Satisfy us in the morning with your unfailing love, that we may sing for joy and be glad all our days.
We Need Mercy
A friend recently told me about a former colleague of his, a type A-plus-plus, whose standards of professionalism were—literally—unforgiving. “She said to everybody she worked with: ‘You get one chance to screw up with me. I don’t suffer fools and incompetents.’” As a result, no one stayed with her very long; either they quit, finagled transfers, or got fired. It took little time for her superiors to see beyond the efficiency and intelligence, noticing she didn’t command staff loyalty. This troubled them. So my friend (who’d lasted only two months before volunteering to relocate) got a call from the senior boss, who was curious about why her retention rate was so low. He repeated her line about not suffering fools and incompetents. “Interesting,” the boss said. And the legend goes he hung up the phone, called the merciless manager in, accused her of foolish incompetence, and informed her that her presence would no longer be suffered at the firm.
We all know cautionary tales like this, proving the inverse of what Jesus teaches in Matthew 5.7: “Blessed are the merciful, for they will be shown mercy.” If there’s one thing each of us needs, it’s mercy. Without showing mercy, however, we can’t expect—let alone believe—mercy will be shown to us. But I’ll go even one better. We need to wake to mercy, to greet each new day knowing we’re forgiven and starting with a clean a slate. “Each day has enough trouble of its own,” Jesus says (Matthew 6.34) Carrying yesterday’s problems into today—slights we can forgive, mistakes we can overlook, resentments we can set aside—only adds to the troubles we’re destined to deal with today. So in order to obtain mercies we’ll need tomorrow, it seems wise to extend mercies to others today. In other words, the principle of mercy depends on our staying one step ahead—doing all we can to forgive and love now to receive mercy and love later.
Controlling Our Tempers
“Better a patient man than a warrior, a man who controls his temper than one who takes a city,” Proverbs 16.32 advises. We’ve come up with a number of ways to spin untrammeled anger and wrath—“brutal honesty,” “openness,” "evening the score," "preempting hurts," and “not suppressing our feelings.” Call it what you will, if controlling our tempers is such an onerous task we’d rather drive around the block to justify not doing it, we need to examine our priorities. Whenever I lash out at you, what you’ve done to anger me ceases to matter; I now have a bigger problem. I’m squandering mercy I’ll need tomorrow by not showing you mercy you need today.
In Psalm 4, David endures merciless ridicule and opposition. Yet in the fourth verse he says: “In your anger do not sin; when you are on your beds, search your hearts and be silent.” That’s when we control our tempers and set the stage for mercy—the night before a new day. We clear our hearts so we’ll rest easily and rise to fresh thoughts and potential. Lamentations 3 reminds us, it’s because of God’s love that we’re not consumed; His mercies never come to an end. “They are new every morning,” verse 23 says. It’s not a question of new mercies being provided each day; they’re there. It’s an issue of having overextended ourselves the previous day until we can’t afford to experience the morning mercies.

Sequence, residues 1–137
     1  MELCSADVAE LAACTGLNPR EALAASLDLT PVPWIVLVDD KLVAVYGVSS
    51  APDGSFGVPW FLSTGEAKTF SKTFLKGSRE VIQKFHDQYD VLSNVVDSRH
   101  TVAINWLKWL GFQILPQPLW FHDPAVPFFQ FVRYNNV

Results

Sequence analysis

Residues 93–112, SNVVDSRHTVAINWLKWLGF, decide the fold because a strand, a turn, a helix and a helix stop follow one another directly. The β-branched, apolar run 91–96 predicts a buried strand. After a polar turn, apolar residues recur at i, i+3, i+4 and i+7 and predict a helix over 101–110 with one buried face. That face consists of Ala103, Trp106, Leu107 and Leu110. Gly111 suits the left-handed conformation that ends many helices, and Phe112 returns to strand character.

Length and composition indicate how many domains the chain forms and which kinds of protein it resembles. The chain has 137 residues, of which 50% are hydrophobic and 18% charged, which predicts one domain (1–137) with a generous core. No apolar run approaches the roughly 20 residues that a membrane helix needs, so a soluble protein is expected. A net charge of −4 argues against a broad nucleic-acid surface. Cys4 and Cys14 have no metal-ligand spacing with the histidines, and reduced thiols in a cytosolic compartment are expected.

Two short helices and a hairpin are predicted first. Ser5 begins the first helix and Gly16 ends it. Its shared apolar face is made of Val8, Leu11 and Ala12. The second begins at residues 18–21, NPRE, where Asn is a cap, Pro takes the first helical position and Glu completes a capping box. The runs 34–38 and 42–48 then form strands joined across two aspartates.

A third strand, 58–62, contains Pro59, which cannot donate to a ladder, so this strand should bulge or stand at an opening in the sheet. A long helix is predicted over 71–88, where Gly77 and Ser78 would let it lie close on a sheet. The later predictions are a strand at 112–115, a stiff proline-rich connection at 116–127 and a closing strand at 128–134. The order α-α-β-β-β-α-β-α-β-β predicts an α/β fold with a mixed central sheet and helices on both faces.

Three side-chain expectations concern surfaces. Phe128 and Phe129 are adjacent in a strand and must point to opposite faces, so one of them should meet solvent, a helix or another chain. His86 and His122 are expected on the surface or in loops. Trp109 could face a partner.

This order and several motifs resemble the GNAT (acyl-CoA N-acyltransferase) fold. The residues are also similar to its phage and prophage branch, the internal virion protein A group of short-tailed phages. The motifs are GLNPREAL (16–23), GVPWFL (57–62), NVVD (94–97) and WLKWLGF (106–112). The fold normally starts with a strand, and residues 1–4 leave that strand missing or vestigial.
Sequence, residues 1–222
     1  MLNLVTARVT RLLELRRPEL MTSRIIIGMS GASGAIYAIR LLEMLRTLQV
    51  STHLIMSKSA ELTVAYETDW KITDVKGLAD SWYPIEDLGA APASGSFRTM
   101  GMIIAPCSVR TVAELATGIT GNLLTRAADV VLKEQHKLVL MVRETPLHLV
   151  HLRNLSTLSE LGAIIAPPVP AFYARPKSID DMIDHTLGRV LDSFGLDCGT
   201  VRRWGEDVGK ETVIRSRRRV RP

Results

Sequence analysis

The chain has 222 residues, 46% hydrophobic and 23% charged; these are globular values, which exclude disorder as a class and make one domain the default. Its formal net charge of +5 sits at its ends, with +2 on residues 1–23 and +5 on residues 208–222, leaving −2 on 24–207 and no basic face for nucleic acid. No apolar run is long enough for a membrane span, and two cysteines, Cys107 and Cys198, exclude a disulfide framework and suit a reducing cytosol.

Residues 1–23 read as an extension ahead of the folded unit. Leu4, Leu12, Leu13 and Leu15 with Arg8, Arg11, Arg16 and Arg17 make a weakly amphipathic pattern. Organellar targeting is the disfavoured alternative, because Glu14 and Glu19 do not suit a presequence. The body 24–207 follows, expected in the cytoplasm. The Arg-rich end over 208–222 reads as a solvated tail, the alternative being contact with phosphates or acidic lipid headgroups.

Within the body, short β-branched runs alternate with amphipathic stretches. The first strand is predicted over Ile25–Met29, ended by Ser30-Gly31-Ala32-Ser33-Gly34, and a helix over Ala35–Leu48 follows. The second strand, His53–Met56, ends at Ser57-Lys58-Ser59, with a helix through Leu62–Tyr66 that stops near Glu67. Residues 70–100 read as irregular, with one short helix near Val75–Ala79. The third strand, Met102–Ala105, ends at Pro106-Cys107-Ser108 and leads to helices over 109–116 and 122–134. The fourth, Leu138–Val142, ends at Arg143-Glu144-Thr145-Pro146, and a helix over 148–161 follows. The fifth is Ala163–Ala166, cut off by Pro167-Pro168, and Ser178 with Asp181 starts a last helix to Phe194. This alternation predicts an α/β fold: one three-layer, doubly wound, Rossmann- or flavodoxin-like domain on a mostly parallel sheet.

Singing for Joy
The King James Version of Psalm 90.14 reads, “O satisfy us early with thy mercy; that we may rejoice and be glad all our days.” A joyful life begins each day with God's mercy—His unsolicited forgiveness, tolerance, and understanding. And we emulate this immeasurable gift all day long by loving our neighbors as we love ourselves. The early edition of mercy, which gets delivered every morning, makes the evening news fairly predictable. Harms take aim at us, yet there’s no harm done, because we forgive as we go. Disappointments cloud the sky, yet because we understand everyone fails just as we fail, the sun never fails to appear by day’s end. Judgments and prejudices are leveled at us, yet we stand tall, unshaken, and proud, because we tolerate differences in others—including their differences with us, justified or not. So we spend our all of our days singing for joy. We clear our hearts of anger and resentment as we lay down each night. And we rise to new mercies every morning. It’s a great way to live!
Each sunrise brings new mercies; we can experience them in all their splendor by not carrying yesterday's grievances into today.